KT Opinion: Lessons from the Indian vaccination programme

From the standpoint of public health, universal vaccination is as critical against Covid as it is for the continued success of general health programmes

By Tariq Mansoor

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Published: Wed 24 Nov 2021, 9:21 PM

As the latest numbers around the Covid 19 pandemic suggest a possible plateauing in India, it is critical not to let the initial optimism coming with it slip into complacency. This is especially significant in view of the not-so-encouraging trend globally. Despite the fact that daily global infections have seen a 30 per cent decline since in the last two months, around 17 million fresh cases are surfacing every month with around 50, 000 weekly new deaths. Recently, the total official global figures crossed 25 crores since the onset of the pandemic.


The difference between India’s situation during the second wave and now in the fight is the tremendous bulwark of vaccination that has been built, with an underlying conviction that full vaccination coverage remains the best strategy to prevent the pandemic from rearing its ugly head. With India’s vaccine coverage crossing the mammoth 1.1 billion mark (1,14,46,32,851 vaccine doses as on November 18, 2021), it is important to reflect on the state of vaccination programme, and consolidate the gains made in the quest to vaccinate all eligible citizens of India.

From the standpoint of public health, universal vaccination is as critical against Covid as it is for the continued success of general health programmes. Universal vaccination coverage guards against the possibility of a future conflagration, and consequent large-scale diversion of medical resources away from non-Covid general health programmes such as routine immunisation, surgeries, essential health care for infants, elderly, women and vulnerable sections of the population. While Covid has overwhelmingly dominated our mindspace around healthcare in the past 20 months, the extent of its deleterious collateral impact on non-COVID general health programmes has been as calamitous as the pandemic itself. It is in this context that India’s billion vaccination coverage needs to be commended and commented, and further strengthened.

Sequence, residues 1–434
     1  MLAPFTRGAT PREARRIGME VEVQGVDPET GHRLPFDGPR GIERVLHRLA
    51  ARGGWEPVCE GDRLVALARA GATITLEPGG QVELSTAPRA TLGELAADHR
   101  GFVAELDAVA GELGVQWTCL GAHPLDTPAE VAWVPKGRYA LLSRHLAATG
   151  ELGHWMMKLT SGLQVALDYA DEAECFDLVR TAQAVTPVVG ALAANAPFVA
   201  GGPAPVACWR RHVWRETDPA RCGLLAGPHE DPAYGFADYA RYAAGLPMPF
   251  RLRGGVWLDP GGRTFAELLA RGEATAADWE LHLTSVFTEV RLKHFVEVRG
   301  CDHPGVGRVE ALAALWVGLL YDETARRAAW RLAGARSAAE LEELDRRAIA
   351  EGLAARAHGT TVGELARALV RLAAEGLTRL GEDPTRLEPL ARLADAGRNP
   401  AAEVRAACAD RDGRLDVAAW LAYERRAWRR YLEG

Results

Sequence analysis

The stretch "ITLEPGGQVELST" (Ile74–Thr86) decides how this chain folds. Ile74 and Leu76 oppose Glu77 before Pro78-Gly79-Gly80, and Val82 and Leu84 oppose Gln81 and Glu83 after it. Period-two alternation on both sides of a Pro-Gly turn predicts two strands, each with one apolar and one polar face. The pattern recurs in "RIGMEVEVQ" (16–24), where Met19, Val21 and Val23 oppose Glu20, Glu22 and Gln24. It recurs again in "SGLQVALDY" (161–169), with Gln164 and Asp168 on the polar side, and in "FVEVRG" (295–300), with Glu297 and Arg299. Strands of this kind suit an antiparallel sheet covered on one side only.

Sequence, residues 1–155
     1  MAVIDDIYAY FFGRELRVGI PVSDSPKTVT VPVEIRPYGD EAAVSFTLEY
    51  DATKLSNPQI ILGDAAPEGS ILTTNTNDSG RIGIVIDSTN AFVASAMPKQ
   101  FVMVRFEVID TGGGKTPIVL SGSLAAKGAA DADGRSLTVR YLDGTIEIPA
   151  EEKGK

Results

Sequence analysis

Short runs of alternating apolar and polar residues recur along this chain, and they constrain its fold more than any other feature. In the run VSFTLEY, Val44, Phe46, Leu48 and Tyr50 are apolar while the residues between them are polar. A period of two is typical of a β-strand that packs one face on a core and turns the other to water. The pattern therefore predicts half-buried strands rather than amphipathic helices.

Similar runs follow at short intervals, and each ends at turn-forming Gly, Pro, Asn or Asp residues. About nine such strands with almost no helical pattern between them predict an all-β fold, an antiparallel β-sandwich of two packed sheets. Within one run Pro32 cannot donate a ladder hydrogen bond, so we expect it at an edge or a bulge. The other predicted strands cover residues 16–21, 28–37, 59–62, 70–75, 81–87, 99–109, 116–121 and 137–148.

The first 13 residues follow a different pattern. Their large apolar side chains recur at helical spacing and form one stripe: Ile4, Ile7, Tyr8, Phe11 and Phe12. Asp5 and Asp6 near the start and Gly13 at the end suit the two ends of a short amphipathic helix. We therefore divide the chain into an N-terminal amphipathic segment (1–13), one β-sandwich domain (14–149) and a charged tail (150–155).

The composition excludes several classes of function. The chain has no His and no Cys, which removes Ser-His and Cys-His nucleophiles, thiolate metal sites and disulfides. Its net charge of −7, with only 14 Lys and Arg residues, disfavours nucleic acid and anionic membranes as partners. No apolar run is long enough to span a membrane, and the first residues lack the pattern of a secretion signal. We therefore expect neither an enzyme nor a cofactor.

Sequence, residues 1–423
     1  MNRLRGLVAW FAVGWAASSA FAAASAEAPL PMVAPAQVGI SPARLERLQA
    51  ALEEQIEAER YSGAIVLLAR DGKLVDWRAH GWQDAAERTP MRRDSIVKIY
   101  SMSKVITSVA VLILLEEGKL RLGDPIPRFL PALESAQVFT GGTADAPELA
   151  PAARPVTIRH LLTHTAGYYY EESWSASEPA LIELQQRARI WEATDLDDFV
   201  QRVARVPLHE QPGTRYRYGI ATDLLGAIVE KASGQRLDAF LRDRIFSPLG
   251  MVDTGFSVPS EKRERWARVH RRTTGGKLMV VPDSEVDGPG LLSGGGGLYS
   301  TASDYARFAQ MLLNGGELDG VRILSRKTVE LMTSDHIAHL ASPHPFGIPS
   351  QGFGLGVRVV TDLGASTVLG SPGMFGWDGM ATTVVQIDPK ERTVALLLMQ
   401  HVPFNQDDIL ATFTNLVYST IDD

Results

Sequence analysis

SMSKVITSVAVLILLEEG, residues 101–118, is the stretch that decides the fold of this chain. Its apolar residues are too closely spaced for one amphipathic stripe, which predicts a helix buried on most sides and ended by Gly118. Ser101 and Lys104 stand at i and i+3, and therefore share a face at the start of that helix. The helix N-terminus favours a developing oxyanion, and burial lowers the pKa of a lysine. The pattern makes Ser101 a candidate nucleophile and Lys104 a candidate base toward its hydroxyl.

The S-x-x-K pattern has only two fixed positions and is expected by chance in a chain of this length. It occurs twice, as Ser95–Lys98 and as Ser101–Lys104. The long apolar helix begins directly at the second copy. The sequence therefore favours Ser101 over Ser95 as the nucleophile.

The lessons from the pandemic has enforced the need to think about problems of public health in new ways, as old ideas fell short. The focus has to be in capacitating the health system to swiftly respond to unexpected challenges. Apart from human resource management, the success of the new strategies will be dependent on our ability to harness the power of artificial intelligence. In this respect, a key lesson from the Covid vaccination programme— which can be synergised with other public health programmes— is the leveraging of digital innovations in mitigating a public health emergency. The introduction CoWIN app and its integration with Arogya Setu and Umang India (platform to access all e-governance services) enabled laying new markers in vaccine tracking and management, otherwise not possible through manual efforts. The example presents a roadmap for the future of public health system on how a digital transformation can facilitate human medical capabilities in a crisis setting. Instead of accepting technology as an inevitable substitute for human labour, it uses it as an aid.